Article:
The second objective was to experimentally establish the material behaviour of the demountable shear connectors constituents. This part of research challenge mainly focused on the behaviour of load-bearing (steel-reinforced) epoxy resin injectants which is the most important component for the use of larger hole clearances and enables instantaneous composite interaction despite these clearances. The goal was to gain knowledge about  short-term and long-term material properties of the injectants. This information is crucial  for predicting the mechanical behaviour of injected bolted connections by FEM.

The third objective was to obtain the short-term and long-term relation between applied load and deformation (slip) of the proposed demountable shear connector. The prediction of the long-term behaviour of injected bolted steel-to-steel connections was made and validated against experimental push-out and double-lap (steel-to-steel) shear connection tests. The study was followed by an extensive parameter study to derive design recommendations for the demountable shear connector for its short-term response. The overall goal of the objective was to provide structural shear connector characteristics that can be used to predict the mechanical behaviour of demountable and reusable composite floor systems.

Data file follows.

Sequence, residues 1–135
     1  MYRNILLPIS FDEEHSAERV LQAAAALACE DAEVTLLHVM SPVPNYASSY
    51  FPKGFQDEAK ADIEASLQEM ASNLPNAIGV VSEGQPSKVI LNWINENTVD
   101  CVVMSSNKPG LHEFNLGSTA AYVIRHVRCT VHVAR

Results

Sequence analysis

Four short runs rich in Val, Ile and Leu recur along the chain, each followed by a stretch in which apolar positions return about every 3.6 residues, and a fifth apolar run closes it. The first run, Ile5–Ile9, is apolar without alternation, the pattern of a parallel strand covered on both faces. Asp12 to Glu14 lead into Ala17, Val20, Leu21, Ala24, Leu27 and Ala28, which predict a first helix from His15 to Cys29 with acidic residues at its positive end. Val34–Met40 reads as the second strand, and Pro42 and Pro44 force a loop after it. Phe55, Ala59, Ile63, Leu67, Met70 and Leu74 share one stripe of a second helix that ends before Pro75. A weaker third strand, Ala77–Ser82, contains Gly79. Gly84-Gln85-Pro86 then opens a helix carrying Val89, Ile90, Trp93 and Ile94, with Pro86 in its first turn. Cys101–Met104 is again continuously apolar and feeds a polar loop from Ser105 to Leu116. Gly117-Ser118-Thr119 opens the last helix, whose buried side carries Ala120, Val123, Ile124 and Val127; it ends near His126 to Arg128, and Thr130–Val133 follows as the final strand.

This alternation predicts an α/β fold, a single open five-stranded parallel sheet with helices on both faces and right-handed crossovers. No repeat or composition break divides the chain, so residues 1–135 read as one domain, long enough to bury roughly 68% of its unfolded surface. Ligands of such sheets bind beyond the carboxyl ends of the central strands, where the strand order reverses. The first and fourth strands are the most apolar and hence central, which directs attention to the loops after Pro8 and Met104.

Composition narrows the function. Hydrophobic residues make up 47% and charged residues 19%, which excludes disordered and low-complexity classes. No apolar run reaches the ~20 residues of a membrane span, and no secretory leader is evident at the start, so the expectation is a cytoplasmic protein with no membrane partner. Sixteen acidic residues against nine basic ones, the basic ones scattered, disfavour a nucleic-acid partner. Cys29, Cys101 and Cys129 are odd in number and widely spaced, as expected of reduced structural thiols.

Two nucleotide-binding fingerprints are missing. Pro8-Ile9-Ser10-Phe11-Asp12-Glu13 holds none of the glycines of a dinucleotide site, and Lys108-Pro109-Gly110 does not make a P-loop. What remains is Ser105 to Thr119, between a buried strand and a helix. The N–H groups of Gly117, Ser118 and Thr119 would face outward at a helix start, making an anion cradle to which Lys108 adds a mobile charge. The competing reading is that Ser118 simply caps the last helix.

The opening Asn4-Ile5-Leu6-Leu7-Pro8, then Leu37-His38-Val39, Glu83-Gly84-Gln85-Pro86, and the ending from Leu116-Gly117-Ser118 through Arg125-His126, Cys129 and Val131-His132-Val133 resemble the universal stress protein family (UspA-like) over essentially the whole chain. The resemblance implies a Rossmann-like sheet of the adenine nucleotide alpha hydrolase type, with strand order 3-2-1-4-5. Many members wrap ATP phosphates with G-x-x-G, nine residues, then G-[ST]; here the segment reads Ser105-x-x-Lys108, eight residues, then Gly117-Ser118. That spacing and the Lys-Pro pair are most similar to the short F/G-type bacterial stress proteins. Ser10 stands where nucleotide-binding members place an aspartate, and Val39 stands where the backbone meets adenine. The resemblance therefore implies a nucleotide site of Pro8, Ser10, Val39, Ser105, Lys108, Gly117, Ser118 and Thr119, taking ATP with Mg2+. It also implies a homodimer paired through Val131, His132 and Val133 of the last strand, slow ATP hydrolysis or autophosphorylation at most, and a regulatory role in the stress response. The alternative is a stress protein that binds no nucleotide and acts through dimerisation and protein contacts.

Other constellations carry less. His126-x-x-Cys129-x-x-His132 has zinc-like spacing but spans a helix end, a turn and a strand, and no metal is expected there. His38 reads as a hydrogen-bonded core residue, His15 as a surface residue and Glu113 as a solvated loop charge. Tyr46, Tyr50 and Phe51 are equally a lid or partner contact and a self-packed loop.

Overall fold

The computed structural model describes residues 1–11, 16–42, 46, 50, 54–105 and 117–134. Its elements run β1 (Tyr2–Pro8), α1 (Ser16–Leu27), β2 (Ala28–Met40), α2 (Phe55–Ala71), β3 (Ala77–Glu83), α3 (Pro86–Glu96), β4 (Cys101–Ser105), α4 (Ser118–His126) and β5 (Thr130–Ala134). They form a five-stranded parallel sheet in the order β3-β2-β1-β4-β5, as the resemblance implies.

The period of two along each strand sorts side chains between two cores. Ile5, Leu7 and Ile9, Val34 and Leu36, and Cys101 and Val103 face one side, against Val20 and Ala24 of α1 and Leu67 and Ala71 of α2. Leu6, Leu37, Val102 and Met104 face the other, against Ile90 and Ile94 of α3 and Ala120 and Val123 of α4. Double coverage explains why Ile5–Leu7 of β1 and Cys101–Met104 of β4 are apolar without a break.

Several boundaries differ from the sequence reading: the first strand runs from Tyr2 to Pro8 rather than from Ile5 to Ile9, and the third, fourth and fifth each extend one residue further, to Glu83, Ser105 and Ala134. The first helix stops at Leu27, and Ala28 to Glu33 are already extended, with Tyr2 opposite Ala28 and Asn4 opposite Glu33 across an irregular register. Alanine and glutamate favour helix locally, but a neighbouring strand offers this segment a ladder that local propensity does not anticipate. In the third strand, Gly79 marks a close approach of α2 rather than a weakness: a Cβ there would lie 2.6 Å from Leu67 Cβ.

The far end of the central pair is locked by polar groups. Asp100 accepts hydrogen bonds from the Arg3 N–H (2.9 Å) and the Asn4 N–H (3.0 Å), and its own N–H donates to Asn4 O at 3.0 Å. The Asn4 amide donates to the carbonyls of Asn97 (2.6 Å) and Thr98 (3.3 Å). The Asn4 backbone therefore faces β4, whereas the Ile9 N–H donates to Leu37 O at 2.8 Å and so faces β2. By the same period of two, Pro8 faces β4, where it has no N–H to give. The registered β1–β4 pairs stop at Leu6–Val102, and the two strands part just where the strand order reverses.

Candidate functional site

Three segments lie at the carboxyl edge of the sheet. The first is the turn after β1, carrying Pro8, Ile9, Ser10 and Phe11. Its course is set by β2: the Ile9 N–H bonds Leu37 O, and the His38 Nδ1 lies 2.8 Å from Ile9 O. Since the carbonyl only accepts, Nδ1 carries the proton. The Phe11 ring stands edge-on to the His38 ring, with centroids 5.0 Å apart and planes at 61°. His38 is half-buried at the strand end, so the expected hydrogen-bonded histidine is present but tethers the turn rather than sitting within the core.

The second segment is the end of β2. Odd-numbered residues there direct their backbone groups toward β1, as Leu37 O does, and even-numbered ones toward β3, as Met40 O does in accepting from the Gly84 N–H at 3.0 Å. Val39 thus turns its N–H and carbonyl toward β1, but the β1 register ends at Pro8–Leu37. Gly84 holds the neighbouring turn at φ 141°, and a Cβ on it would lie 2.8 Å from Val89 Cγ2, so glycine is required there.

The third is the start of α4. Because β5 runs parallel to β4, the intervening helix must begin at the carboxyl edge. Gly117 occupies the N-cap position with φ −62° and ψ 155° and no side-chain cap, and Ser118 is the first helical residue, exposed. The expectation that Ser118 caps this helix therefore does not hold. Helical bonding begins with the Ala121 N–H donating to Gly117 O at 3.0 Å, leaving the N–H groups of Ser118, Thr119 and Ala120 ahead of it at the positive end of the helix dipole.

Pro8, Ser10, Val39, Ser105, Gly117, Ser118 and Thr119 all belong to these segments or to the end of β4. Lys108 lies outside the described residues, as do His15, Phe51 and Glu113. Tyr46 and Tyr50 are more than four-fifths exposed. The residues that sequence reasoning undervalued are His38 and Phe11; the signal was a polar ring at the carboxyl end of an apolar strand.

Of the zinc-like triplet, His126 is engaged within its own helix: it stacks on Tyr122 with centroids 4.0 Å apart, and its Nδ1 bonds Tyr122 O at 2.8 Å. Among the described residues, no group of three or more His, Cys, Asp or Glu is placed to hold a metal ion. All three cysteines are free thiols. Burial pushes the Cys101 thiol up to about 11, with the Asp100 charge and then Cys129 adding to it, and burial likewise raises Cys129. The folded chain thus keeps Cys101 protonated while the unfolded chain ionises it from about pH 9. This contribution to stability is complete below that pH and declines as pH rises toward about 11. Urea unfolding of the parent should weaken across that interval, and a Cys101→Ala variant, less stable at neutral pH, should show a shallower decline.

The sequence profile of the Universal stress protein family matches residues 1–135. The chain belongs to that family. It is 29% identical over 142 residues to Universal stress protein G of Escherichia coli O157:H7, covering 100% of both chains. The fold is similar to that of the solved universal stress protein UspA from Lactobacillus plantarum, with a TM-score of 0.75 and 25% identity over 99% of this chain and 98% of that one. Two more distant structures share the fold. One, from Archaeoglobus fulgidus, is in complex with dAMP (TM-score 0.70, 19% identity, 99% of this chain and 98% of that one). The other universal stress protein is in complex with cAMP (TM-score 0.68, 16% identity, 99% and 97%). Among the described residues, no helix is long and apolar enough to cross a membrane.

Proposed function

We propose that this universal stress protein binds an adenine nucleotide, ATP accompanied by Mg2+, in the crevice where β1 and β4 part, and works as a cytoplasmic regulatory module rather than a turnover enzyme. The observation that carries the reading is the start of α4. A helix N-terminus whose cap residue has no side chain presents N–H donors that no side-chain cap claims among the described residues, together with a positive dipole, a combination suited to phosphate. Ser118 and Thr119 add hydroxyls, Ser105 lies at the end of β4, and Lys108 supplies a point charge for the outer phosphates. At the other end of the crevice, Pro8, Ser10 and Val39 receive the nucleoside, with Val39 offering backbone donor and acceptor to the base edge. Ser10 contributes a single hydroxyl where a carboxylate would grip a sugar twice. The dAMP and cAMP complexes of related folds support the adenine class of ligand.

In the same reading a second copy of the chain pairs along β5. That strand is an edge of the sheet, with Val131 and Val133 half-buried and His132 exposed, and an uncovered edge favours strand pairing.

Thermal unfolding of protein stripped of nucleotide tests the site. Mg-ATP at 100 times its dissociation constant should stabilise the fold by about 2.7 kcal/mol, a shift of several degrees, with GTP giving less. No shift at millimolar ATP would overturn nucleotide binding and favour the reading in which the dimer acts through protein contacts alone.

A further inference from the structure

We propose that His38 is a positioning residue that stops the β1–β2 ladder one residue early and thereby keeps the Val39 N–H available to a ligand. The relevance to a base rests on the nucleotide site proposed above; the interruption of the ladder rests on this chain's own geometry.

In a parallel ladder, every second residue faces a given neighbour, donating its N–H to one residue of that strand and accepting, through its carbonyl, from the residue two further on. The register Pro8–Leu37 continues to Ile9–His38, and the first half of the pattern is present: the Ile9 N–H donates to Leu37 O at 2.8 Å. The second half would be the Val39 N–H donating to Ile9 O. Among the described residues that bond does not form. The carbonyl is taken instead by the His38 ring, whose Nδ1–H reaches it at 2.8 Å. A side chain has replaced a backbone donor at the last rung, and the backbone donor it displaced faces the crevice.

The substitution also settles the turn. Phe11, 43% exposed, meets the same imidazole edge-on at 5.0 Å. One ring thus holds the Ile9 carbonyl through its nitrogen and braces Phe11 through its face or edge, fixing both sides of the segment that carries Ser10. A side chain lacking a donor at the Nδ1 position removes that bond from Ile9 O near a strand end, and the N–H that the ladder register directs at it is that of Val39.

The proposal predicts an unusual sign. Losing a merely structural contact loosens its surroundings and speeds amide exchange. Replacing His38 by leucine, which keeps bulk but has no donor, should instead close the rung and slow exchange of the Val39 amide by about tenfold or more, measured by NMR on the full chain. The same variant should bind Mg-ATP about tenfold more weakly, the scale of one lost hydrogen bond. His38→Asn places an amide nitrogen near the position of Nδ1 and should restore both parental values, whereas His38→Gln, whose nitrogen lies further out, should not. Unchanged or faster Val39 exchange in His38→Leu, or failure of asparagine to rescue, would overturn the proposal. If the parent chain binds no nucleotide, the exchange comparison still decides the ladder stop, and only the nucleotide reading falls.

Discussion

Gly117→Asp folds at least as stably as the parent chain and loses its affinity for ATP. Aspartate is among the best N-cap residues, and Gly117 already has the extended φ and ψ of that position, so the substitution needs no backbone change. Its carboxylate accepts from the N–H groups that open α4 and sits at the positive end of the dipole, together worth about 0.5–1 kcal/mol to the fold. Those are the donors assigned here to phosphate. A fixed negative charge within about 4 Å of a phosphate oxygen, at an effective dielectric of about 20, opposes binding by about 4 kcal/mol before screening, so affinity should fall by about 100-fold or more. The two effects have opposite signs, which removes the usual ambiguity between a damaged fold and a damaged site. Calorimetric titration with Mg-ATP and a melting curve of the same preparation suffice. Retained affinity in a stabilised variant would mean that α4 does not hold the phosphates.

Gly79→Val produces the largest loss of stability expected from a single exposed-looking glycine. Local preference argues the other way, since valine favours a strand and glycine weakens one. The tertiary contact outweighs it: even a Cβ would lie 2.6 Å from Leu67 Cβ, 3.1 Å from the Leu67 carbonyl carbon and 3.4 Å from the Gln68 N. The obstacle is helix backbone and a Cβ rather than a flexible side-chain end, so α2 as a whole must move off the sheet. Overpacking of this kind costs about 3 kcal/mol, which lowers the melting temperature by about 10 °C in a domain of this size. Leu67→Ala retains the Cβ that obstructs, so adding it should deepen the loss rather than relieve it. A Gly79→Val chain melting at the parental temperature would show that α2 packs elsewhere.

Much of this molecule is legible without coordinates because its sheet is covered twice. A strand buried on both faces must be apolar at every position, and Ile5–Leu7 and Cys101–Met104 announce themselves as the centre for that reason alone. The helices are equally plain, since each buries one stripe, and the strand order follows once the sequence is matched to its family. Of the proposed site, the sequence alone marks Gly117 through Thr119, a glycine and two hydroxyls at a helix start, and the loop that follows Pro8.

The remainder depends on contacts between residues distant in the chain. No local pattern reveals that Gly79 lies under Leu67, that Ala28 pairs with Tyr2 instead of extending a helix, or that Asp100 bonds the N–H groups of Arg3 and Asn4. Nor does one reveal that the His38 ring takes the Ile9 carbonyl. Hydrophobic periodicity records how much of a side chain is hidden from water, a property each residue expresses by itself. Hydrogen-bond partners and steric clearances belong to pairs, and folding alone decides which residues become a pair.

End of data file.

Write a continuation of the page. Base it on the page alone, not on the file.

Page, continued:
The fourth and final objective was to investigate the feasibility of construction and structural response of a demountable composite floor system. It was done on a full scale model of a segment of a car-park executed in the TUD laboratory, Stevin 2. The research distinguished itself through the focus on non-prismatic steel beams and a non-uniform distribution of shear connectors to optimise the elastic structural response. The feasibility of construction was addressed experimentally and analytically by proposing a prediction methodology to quantify the minimum nominal hole clearances required for successful assembly and disassembly. The experimental results were used to validate analytical prediction models for the load-deflection and load-slip response for the composite floor system. Additional models were developed to analyse instability during execution and the first (fundamental) eigenfrequency during the use-phase. The overall goal of the objective was to enable implementation of demountable and reusable composite floor systems in engineering and construction practice.